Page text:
Teens Don't Let Blindness Keep Them From Golf, Skateboard
Leber's Hereditary Optic Neuropathy affects one in 50,000, many male teens.
Feb. 5, 2014— -- Canadian Brett Devloo, 18, was living life as a typical teenager. He had just earned his learner's permit and spent most of his free time hanging out with friends and skateboarding.
But everything came to a halt one day nearly two years ago. In the middle of history class, he noticed his vision had become blurry and he could no longer read the words on the overhead projector.
Devloo said he went to see the eye doctor and what he thought would be a small shift in his prescription turned into a drastic change. Devloo's vision had gone from 20/50 to 20/500, and he was showing symptoms of profound visual impairment.
"I saw like five specialists in seven days, doing a bunch of different tests like blood work, MRIs, seeing neurologists, optometrists, ophthalmologists, just general surgeons…none of them knew what was going on," Devloo said.
"It was completely random and unexpected, and I went blind in a week."
Over the course of six months, the tests continued, and Devloo's vision continued to get worse, he said. Finally, Devloo was diagnosed with Leber's Hereditary Optic Neuropathy, or LHON, a rare progressive disease that leads to loss of central vision. It affects approximately one in 50,000 people.
"Very often the ophthalmologist who first sees the patient has never seen a case of Leber's and doesn't recognize it, and maybe hasn't even heard of it. And the neurologist almost certainly hasn't heard of it," said Dr. Alfredo Sadun, one of the leading researchers on LHON.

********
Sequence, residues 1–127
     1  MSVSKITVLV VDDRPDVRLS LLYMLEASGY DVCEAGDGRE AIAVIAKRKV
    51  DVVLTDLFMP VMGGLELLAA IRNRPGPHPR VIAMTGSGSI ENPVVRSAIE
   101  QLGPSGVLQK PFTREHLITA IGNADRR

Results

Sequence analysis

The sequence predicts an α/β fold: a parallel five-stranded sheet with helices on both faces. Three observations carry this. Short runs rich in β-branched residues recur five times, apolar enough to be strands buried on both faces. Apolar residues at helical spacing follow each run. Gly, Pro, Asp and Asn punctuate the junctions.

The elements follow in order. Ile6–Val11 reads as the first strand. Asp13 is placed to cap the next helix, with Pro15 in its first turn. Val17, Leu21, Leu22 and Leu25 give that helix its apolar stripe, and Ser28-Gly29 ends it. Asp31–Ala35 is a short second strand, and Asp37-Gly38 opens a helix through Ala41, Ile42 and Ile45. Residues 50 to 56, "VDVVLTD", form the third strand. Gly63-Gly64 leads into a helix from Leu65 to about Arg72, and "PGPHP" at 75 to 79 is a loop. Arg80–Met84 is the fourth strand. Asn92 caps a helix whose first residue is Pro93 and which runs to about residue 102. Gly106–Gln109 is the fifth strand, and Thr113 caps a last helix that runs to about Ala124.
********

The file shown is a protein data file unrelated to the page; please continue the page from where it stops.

LHON is genetically passed down from a mother to her children and primarily affects young adult males. There is no cure for LHON, but doctors are researching treatments that if started early can arrest the progress of the disease.
Jeremy Poincenot, 24, is one of the lucky ones. In the fall of 2008, Poincenot was a college sophomore when he began to see the world very differently.
He went to the optometrist and noticed that he couldn't see anything out of his right eye. Poincenot was given a prescription for medication that doctors hoped would restore his vision in his eye before a follow-up appointment.
"Instead of the one eye that was affected getting better, after a couple of weeks, suddenly the other eye started very quickly getting worse," said Lissa Poincenot, Jeremy's mother.
She searched tirelessly for answers, scouring the Internet and came across LHON. Thanks to his mother, Poincenot was diagnosed quickly and able to start treatment early.
"Once we got through all the urgent things, then we got to, How do we get his life normal again? And for Jeremy, normal equals sports," Lisa Poincenot said. Jeremy Poincenot’s mother encouraged him to return to a sport he loved – golf.
"I kind of laughed at her and thought she was joking. I said, 'Mom, when do blind people play golf, at midnight?' I didn't think that was a possibility," Jeremy Poincenot said.
With the help of his father, Lionel Poincenot, who served as his guide, Jeremy Poincenot started playing golf again. And in 2010, they wound up in England at the World Blind Golf Championship.
"I hit the shot, came off the club perfectly. I hear just a little dink, you know, something. That's kind of weird. I look to my dad, my dad is on my right. He said, 'It went in.' I was like, 'Holy crap!' Everything after that ... was a blur," Jeremy Poincenot said.
Poincenot had won the championship.
Devloo, like Poincenot, has refused to let the disease knock him down. He said one of the first things he wanted to do after hearing the diagnosis was get back to skateboarding.
"When I got on my board for the first time after being blind, I felt really timid skating ... I went slow, but it still felt unbelievable to still be able to be on my board, and know that I'm not going to let being blind stop me from doing what I love to do," Devloo said.
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